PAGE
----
The Qanun: An Instrument of Mystique and RomanceOctober 30, 2023
The Qanun, the first instrument that our co-founder, Olajide Paris, ever recorded in Armenia, has a unique sound and a rich cultural history that is unmatched in the world of music. During a trip in 2018, Olajide stumbled upon this enchanting instrument and fell in love with both it and the country. It proved to be the perfect fit for that project, where he was seeking out the most authentic-sounding instruments for a brand. The Qanun had the perfect, most interesting sound.
“Even before I started Triple A, I always knew that I wanted to do a library focused on the Qanun alone,” Olajide says.
It is then no surprise that, after the company’s founding, the Qanun was the first instrument that Olajide recorded and released – again.
The origins are unclear. We know they’ve been around a long time. Ancient Greek historians mentioned people using instruments like it in Assyrian courts. To find out more, we spoke with Tsovinar Hovhannisyan, a professor at Yerevan State Conservatory. Tsovinar is one of the first female master Qanun players in Armenia. “An Armenian historian mentions Nazenik, a singer and dancer for hire in the second century AD said to ‘sing with her hands’”, she tells us. Fast forward a few millennia and the word “qanun” becomes a bit more common, as it was an instrument in the mainstream during the Abbasid era in the 10th century.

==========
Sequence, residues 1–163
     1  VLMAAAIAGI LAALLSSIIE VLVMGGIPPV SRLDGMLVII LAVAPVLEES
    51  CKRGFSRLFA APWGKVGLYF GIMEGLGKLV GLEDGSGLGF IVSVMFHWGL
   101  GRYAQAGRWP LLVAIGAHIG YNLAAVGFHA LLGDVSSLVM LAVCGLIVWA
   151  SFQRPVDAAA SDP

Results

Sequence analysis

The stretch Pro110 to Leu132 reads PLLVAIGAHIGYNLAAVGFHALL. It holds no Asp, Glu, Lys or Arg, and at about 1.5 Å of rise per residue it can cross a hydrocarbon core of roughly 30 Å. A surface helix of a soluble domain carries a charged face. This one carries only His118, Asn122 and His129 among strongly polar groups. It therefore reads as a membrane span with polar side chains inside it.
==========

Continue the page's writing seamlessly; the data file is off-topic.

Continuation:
Though most can agree that the name is of Greek origin, nobody agrees on where the first qanun was created, with each society from the Middle East to Central Asia claiming their own variant as the original. Which was the first – who can say? But we can tell you that Armenians have had their own interesting variant for centuries, and that’s the one we captured as a Kontakt instrument.
Today, the Qanun remains popular in folk music throughout the Middle East and the Southern Caucasus, as well as in spirituals, concertos, mugham improvisations, and even jazz.
Many Armenians transliterate the qanun as “kanon”, even though they frequently view their own version as being entirely unrelated. And it is partly true, Armenian Qanuns are quite different from their Turkish and Arab cousins. “The Qanun in the countries of the Gulf, Central Asia, and Turkey have many more levers that allow them to play more notes,” Mayranush Rubenyan, the woman playing the instrument for our sampling, explains. “The Armenian Qanun only has two levers to perform the flats and sharps of a given note.” Another distinction is that women now make up the majority of Qanun players in Armenia, and they use all 10 fingers in contrast to men, who typically only use their two index fingers.